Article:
At all times in human history, people have moved to countries where there is work and economic security. Today, many Africans are going to Italy and Spain. Arabs are moving to France and Germany. South Americans and Arabs are fleeing to the United States.
More than three thousand years ago Elimelech, driven by famine, went with his wife, Naomi, to live in Moab for more than ten years. In Moab, Elimelech and his three sons died, leaving three widowed women full of anguish, doubt, and death. The survivors’ lives were full of desolation and chaos.
Now, in the United States, millions of people are living the same experiences of Naomi and her two daughters-in-law. Many are living the same experiences of Jews in Germany and almost all of Europe under Nazi persecution in the 1940s. Some are living the same experiences of the persecution of blacks by white supremacy in the United States in the sixties.
Migration is a universal right. The freedom to migrate appears as a right in the Universal Declaration of Human Rights. This international document was adopted in 1948. It contains descriptions of fundamental individual rights and the most basic freedoms that correspond to all human beings, including the request for asylum in other countries. The right to seek asylum is also an integral part of US law.
Every human being persecuted and threatened in their country has the right to migrate, yet the majority prefer to stay at home. For those who do leave, they are abandoning their roots, family, culture, and their food. They are being expelled and separated from what they love.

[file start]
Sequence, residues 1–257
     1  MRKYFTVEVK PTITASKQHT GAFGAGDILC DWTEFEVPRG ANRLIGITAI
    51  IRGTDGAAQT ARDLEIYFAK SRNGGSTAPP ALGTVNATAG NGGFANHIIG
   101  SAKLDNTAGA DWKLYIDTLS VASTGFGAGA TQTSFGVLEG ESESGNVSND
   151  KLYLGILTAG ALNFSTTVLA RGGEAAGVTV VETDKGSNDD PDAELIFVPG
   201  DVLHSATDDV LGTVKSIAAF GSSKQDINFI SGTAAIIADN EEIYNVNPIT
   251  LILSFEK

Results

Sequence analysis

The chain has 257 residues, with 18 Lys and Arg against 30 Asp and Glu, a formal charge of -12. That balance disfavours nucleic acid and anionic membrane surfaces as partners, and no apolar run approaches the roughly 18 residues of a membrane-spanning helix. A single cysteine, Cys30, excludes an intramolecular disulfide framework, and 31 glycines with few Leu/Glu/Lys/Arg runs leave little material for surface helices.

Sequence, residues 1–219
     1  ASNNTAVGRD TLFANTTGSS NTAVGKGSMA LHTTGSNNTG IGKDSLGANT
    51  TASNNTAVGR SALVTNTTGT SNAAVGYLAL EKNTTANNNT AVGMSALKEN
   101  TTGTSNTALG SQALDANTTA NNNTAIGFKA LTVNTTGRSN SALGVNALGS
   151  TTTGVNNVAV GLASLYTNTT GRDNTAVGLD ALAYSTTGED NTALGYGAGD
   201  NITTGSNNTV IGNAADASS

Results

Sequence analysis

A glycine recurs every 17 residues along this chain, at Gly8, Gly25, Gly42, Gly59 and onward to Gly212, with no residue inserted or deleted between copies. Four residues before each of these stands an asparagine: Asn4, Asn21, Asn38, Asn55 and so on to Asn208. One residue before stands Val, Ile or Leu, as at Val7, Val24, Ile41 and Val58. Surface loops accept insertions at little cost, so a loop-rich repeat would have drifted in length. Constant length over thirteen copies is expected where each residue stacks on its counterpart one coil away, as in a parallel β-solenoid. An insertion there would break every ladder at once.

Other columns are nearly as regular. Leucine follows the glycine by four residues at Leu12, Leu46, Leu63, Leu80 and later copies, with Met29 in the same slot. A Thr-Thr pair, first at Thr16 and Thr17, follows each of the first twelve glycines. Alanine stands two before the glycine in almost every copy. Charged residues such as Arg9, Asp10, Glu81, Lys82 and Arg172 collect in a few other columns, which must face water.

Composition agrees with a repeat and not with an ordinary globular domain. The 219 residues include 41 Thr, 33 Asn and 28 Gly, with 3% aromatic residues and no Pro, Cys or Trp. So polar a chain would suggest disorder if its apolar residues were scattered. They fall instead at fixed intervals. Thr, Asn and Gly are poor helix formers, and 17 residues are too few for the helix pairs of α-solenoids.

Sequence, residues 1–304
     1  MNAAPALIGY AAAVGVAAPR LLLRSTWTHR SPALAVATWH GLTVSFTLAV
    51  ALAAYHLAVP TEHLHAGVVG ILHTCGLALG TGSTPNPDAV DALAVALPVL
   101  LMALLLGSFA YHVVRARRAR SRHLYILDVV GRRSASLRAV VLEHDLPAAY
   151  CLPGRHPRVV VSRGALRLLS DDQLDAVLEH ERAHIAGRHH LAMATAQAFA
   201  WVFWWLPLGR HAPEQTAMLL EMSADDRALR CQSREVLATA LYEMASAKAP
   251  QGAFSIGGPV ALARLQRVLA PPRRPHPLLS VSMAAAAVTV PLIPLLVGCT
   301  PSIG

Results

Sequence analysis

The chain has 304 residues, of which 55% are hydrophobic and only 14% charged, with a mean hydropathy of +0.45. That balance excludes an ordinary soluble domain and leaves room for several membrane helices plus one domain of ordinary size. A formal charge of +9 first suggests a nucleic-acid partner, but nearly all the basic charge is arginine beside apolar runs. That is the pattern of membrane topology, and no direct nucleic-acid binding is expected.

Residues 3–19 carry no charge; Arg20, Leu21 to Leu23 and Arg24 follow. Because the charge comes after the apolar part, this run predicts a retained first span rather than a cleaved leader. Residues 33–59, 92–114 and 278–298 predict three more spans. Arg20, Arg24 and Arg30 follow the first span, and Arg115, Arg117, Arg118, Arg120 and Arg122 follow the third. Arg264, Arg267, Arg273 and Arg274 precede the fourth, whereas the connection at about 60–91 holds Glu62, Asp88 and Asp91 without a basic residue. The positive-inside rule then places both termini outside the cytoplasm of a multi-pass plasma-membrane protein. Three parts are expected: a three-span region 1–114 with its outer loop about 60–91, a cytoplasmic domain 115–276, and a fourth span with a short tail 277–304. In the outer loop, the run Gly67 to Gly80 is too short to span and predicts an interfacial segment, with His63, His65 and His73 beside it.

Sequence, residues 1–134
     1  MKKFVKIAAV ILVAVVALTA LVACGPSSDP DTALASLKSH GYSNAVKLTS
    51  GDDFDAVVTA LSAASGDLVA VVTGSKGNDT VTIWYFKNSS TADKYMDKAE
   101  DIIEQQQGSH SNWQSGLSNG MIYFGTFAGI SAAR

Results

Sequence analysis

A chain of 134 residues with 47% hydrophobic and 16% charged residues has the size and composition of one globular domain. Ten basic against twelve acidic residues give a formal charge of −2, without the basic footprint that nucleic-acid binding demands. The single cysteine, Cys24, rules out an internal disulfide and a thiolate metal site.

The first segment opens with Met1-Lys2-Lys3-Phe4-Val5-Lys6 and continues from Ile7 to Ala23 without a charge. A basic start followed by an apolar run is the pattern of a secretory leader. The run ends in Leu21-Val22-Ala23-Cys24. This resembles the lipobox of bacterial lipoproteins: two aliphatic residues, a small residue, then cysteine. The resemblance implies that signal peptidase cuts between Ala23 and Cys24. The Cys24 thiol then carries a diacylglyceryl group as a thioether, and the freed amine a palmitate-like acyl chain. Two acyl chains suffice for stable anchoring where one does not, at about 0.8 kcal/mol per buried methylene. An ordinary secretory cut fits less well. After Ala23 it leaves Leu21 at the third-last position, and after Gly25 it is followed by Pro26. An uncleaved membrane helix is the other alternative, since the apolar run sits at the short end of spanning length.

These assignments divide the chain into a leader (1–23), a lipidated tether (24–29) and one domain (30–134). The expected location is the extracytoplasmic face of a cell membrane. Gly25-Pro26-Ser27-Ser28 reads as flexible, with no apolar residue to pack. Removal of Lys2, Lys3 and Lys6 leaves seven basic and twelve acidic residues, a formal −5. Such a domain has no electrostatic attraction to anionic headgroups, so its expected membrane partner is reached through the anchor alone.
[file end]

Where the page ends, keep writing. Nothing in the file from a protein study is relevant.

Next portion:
History repeats itself and the powerful persecute the disadvantaged. The invisible, or those who do not have legal documents to stay in this great country, are constantly under threat of major raids by the government, detaining fathers and mothers, separating them from their children and deporting them. Children are terrified of going to school. Parents are terrified to go to work. It is a life of panic, chaos, and desolation.
Thousands, if not millions, of the invisible ones are members of churches and many are from our Mennonite Church. In the story of Elimelech, Naomi, and Ruth, there was redemption through Boaz, whom God used as God’s instrument. The church today is the instrument of God, and the church is all those who participate in it.
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